Thomas White Global Investing
Global Players

Global Players

August 2011

Andy Rubin, Senior Vice President of Mobile, Google, the U.S.


Andy Rubin

Image Credit: Joi on Flickr under a Creative Commons license

“This is the most fun I have ever had.”

— Andy Rubin on developing Android.


A mischievous act early in his career seems to define his role today. While working at Apple in the late 80s, Andy Rubin reportedly reprogrammed the office telephone system to make it appear as if the chief executive was calling to offer stock grants to the company’s engineers! The prank raised the hackles of Apple’s IT department. Curiously, though, more than two decades since that incident, Rubin apparently remains much the same for the Apple establishment — a source of anxiety.

After all, one of his most famous innovations — Google’s Android mobile operating system (OS) — poses the biggest challenge to Apple in the global smartphone and tablet markets today. In fact, Android, which Google provides free to nearly 40 mobile handset makers, has emerged as the world’s most widely used mobile OS. Rubin, senior vice president of Mobile at Google now, recently tweeted that around 500,000 Android devices are being activated every day, and the Android market is growing 4.4% a week. What’s more, according to digital marketing intelligence provider comScore’s latest survey, the Android software runs on 40.1% of the smartphones America uses now, substantially more than the 26.6% that belong to Apple. But that’s not all. Given its reach and popularity, Android is widely perceived to be not just one of the key drivers of Google’s own search engine and digital advertising business, but also the torchbearer of dramatic changes in mobile computing.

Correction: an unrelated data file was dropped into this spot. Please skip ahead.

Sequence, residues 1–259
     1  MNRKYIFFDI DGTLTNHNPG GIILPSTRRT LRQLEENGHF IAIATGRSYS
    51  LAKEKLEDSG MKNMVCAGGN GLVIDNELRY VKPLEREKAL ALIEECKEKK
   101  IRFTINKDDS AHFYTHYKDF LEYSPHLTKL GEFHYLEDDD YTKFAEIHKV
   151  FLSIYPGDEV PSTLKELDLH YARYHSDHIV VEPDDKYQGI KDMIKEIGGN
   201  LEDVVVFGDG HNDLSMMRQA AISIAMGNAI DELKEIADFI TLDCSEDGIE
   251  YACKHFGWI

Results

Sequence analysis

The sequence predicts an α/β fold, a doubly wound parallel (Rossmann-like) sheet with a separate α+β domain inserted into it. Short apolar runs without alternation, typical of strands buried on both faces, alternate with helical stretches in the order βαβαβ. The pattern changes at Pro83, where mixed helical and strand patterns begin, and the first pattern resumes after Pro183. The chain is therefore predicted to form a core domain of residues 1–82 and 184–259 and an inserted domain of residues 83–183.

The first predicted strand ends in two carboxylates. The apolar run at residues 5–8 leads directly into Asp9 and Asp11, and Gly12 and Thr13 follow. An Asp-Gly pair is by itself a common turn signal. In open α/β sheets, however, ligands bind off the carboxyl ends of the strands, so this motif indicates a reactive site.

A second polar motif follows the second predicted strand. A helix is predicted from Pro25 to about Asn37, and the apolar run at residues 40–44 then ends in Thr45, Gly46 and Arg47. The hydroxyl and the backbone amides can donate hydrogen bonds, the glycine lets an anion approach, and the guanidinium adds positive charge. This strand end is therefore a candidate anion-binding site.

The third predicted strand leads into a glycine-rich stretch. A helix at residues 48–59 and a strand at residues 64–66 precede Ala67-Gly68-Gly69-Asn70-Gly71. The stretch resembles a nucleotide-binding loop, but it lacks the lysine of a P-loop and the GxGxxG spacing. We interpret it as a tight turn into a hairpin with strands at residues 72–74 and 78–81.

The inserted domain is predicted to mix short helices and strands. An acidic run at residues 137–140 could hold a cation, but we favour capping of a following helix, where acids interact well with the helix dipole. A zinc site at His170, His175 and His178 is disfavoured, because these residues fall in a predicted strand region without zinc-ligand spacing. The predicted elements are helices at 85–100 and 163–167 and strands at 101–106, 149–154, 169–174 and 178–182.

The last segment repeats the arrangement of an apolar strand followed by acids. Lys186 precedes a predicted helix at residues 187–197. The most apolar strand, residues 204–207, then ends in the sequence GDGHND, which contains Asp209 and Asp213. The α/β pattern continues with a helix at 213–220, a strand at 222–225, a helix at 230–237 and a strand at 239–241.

Given the success of Android, it is no surprise that Rubin is now seen as a legend in the technology community. His views on competitors, the smartphone market, and the future of mobile computing are followed closely by technology publications and bloggers. Also part of the Silicon Valley chatter is his fondness for building unusual gizmos — like the retina scanner on his front door, the robotic helicopters flying around in his backyard, and the automated mallet-and-gong doorbell in his foyer. The widely published news that Rubin shared with his entire team the multi-million-dollar personal bonus he earned when Google shipped its first Android phone completes the image of a maverick innovator who every technology enthusiast wants to know about.